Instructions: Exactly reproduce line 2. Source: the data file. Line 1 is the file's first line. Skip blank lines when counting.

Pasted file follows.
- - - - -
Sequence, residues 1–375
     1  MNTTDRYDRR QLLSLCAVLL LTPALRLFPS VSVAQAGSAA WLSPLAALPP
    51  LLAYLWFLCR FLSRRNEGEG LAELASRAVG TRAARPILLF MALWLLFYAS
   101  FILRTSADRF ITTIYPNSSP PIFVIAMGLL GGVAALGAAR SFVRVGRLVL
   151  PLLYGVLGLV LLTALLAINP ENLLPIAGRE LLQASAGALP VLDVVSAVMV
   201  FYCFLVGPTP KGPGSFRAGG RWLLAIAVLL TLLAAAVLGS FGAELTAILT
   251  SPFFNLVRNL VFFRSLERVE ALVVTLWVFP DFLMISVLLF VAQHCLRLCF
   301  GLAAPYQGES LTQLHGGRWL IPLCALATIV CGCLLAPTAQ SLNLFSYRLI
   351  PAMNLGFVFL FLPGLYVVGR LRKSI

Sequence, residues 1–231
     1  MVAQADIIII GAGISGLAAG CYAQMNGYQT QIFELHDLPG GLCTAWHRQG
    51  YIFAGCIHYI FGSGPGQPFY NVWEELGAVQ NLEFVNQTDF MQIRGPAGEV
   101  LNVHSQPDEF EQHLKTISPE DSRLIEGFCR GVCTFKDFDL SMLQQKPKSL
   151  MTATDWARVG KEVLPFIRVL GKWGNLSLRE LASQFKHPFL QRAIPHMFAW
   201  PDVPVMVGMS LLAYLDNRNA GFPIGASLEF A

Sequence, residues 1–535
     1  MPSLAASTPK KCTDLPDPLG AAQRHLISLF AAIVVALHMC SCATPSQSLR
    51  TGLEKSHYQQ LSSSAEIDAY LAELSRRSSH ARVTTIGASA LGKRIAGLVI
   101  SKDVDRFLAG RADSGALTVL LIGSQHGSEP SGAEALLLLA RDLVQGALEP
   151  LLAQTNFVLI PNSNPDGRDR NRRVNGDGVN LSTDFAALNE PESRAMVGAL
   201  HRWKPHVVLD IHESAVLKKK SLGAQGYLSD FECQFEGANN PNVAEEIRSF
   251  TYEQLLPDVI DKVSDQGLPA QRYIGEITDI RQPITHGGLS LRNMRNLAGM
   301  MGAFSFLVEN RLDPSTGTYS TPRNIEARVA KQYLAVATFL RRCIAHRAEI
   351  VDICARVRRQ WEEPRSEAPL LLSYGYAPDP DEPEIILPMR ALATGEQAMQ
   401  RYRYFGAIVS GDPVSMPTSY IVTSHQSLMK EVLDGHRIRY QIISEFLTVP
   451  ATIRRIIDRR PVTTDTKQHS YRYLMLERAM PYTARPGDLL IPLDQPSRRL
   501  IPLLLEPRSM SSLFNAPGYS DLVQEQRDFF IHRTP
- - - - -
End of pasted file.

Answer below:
     1  MNTTDRYDRR QLLSLCAVLL LTPALRLFPS VSVAQAGSAA WLSPLAALPP